Jack Monroe is amazing and fascinating because she took something sadly ordinary and turned it into something quite extraordinary.
It all started during her days as a benefit-dependent mum, living in Southend-on-Sea with her young son. She started blogging about her life: the poverty she has unexpectedly descended in to, the hunger she and her son experienced, her ways of making a desperately frugal experience into something vaguely tolerable. Her doing-without made for uncomfortable reading. The generosity with which she shielded her son was downright aching.
The next thing, A girl called Jack had morphed into an intelligent, political discussion about poverty alongside a startling collection of below the line budget recipes: really good food put together on the tiniest of budgets.
Then she started winning awards, and got a publishing deal! Her book is due out next March and promises to provide a range of delicious but astonishingly frugal recipes. Think Leek, Savoy & Smoked Cheese Pasta for 43p, Pasta alla Genovese for 19p or Chickpea, Tomato & Rosemary Best Brunch Loaf at 10p per portion…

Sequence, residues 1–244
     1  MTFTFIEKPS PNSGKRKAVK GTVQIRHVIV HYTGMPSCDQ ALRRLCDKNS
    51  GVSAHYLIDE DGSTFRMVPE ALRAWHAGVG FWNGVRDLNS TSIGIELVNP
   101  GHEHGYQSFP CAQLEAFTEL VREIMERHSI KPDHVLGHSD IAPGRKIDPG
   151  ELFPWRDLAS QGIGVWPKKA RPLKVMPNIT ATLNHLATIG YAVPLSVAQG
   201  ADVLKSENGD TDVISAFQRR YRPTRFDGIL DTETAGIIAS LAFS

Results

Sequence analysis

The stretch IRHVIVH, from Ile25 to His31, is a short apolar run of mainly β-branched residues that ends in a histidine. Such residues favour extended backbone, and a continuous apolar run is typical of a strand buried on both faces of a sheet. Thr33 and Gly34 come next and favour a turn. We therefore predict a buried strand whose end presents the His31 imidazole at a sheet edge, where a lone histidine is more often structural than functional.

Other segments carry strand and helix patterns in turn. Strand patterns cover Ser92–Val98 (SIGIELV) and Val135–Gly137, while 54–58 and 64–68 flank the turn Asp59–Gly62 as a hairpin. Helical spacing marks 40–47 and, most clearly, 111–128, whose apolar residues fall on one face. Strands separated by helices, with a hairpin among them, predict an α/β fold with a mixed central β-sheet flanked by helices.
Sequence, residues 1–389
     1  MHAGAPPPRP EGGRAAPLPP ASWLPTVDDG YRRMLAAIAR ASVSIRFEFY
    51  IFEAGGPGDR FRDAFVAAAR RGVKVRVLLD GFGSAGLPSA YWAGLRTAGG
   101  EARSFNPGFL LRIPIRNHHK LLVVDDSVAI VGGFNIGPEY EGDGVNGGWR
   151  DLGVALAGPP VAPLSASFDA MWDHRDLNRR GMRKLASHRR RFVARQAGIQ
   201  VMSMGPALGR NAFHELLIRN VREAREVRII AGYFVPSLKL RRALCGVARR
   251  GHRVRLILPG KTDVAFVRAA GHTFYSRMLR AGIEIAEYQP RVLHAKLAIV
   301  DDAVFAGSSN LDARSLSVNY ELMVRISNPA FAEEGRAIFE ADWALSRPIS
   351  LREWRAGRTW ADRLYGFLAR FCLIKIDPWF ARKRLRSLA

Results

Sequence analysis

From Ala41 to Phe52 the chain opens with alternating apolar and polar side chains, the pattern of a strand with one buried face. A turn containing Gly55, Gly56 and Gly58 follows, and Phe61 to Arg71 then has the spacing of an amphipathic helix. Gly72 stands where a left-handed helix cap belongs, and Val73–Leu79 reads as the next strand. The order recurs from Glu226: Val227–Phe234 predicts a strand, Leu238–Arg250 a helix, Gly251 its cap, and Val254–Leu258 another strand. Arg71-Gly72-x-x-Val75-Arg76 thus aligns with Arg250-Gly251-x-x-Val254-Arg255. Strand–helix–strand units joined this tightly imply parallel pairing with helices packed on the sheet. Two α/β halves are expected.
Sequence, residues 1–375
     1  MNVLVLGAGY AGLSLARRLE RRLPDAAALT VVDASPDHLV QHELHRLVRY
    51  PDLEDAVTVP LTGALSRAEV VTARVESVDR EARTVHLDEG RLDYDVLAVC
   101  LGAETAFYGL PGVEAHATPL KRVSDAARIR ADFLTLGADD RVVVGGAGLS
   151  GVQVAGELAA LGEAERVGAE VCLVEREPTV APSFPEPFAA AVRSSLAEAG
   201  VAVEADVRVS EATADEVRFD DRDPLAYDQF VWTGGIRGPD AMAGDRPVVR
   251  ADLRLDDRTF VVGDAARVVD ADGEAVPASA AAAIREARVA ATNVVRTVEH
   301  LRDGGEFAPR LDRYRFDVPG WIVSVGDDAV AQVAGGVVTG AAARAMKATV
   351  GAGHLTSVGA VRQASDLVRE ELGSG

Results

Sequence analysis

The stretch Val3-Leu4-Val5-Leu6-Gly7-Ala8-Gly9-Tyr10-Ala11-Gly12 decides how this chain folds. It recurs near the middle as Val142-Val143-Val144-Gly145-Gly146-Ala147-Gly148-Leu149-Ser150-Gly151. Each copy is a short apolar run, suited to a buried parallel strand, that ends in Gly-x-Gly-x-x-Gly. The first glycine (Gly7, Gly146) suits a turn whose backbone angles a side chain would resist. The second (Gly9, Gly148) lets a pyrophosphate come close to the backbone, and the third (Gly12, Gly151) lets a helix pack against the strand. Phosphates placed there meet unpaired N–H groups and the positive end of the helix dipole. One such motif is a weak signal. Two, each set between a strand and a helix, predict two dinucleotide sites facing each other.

But becoming a celebrity chef hasn’t meant that Jack Monroe has turned her back on poverty. Oh no. Now she’s fronting up to the House of Commons to discuss UK hunger and poverty. Now she’s taking world leaders to task at the G8. Now she’s speaking on behalf of Enough Food If and telling people about food banks, the “hidden hungry”and life below the poverty line.
And she’s still blogging! Visit A girl called Jack for brilliant free recipes, a story filled with passion and outrage… and intelligent opinions on welfare reform which Patrick Butler from the Guardian describes as “required reading, suffused as they are with the kind of “service user” insight that the system’s designers and putative reformers, and most of the media commentators on the issue for that matter, do not have.”